Voices from the township: A community’s plea for change

Cape Town - 120312 - A aerial view of an informal settlement near Nyanga. Photographer: Armand Hough/ANA

Cape Town - 120312 - A aerial view of an informal settlement near Nyanga. Photographer: Armand Hough/ANA

Published May 31, 2024



In the heart of the township, the residents’ voices echo with a mixture of hope, frustration and a desperate need for change. If President Cyril Ramaphosa were to walk through their streets, he would be met by a tapestry of stories that highlight the daily struggles and dreams of the vibrant community.

Among the first to speak is an elderly woman, her face lined with years of hardship. “If Mr President came to the township, I would be pleased,” she says, her voice trembling with a blend of hope and weariness. “My only cry to him would be concerning hunger because we are starved and there is no employment. Otherwise, I would be very happy!”

Her words encapsulate a simple, yet profound, plea for the most basic of human needs – food and work.

A few steps away, a young mother cradles her child as she speaks with urgency. “There are many things I would do,” she begins, her eyes reflecting a mixture of determination and frustration. “Mostly, I would ask him about the bad things happening around the township. The community halls and playgrounds for children are in disrepair. There are no safe spaces for our children to play. Crime is too much, and the police do nothing but demand bribe money. The community is not safe. We need facilities that the president must address.”

In a nearby alley, a middle-aged man stands beside a makeshift water container. His anger is palpable. “The president must fix everything he has messed up,” he says, his voice rising with each word. “We are crying because the municipality said they would not increase rent, but our statements show increasing debts. There is no water, and we must go to the ‘mozabalazo’ to get it, while the municipality demands money for water we don’t receive. He must fix these issues and stop cheating people.”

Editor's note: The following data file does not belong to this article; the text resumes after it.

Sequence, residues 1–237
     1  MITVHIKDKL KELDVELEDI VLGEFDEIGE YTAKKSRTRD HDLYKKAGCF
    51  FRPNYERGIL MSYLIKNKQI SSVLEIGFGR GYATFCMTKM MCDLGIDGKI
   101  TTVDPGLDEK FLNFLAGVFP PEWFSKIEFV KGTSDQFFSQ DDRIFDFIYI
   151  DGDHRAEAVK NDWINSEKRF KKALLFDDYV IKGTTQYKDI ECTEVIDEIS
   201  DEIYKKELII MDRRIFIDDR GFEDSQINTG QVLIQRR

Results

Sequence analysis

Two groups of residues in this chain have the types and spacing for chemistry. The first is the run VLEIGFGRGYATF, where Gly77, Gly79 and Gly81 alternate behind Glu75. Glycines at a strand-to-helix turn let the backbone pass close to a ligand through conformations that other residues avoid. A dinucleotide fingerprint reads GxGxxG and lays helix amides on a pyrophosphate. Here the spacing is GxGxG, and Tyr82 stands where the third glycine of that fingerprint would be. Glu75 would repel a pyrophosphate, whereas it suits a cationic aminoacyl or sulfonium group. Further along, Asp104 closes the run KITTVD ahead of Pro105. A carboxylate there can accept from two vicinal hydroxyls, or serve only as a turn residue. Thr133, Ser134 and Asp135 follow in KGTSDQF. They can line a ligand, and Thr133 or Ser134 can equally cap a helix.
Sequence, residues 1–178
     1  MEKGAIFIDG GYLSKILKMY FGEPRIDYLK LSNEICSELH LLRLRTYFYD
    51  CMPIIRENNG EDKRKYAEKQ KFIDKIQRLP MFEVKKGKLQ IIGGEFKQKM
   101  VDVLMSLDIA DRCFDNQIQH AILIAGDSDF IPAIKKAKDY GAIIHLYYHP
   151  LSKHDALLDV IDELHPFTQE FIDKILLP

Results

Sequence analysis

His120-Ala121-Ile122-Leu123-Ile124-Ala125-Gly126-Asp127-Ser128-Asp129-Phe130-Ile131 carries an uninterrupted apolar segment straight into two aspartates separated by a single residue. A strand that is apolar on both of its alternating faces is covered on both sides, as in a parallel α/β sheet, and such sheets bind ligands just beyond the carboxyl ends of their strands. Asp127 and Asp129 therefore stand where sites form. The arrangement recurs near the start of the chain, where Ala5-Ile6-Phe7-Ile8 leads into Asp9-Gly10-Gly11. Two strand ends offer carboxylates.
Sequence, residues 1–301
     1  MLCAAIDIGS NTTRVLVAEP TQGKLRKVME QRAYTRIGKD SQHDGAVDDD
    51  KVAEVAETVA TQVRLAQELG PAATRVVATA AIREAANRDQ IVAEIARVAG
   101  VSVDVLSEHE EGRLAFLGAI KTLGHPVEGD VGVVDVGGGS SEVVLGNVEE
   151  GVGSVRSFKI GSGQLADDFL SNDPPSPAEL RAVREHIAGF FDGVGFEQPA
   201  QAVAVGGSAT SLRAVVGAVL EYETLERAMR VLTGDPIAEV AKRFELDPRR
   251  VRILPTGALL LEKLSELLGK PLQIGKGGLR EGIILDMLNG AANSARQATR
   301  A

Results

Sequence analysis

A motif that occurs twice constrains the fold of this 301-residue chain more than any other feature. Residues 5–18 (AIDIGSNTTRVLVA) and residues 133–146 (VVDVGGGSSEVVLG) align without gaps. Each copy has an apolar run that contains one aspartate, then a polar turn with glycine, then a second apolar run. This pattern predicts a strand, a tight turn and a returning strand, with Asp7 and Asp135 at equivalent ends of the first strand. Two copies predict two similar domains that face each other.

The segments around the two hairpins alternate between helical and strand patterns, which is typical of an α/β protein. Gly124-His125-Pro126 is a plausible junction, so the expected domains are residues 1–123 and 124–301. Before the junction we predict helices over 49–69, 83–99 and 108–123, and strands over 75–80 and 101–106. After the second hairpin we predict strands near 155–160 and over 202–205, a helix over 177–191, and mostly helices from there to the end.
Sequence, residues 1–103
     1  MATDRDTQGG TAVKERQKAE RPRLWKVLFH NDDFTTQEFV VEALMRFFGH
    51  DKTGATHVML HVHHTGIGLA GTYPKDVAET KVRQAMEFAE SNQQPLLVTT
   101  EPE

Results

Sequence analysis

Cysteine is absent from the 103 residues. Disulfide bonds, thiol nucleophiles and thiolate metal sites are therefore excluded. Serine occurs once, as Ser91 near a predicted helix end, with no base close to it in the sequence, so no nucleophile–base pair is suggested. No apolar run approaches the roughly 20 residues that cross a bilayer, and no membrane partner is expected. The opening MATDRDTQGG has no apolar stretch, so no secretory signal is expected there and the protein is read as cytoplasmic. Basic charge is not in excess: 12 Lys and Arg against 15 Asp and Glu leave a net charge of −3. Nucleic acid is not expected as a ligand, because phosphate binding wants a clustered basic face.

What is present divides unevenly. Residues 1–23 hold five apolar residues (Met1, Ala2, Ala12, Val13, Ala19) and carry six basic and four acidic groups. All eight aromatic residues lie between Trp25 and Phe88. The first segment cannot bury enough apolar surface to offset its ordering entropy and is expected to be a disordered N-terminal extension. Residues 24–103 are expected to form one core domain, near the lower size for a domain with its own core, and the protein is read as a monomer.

As the sun sets, a group of young men gather around a small fire. One of them steps forward, his face a picture of despair. “Our children have gone to school and received certificates. Today, they are in dire poverty, turning to drugs like nyaope because of it. Even educated youths struggle to find employment. They spend their days looking for experience, but how can they gain it fresh out of school? Mr President, pull up your socks! It’s bad out here, we are starving.”

Finally, a woman doing laundry under a makeshift shelter speaks, her voice carrying the weight of her daily struggles. “First, the way we are situated is not okay. We are clustered. I would tell him to place us nicely and give us RDP houses. We need a proper place to fetch water, like other areas. Sharp!”

The stories weave a vivid narrative of life in the township, where necessities, safety, proper infrastructure and opportunities for a better future are desperately needed.

If President Ramaphosa listened, he would hear a community crying out for urgent action and compassionate leadership.

The voices of the township, though tinged with despair, are united in their call for a brighter tomorrow.

Bongani Nicholas Ngomane is a PhD student at Wits. Picture: Supplied

Bongani Nicholas Ngomane is a PhD student at Wits, specialising in applied drama and public performance ethnography.

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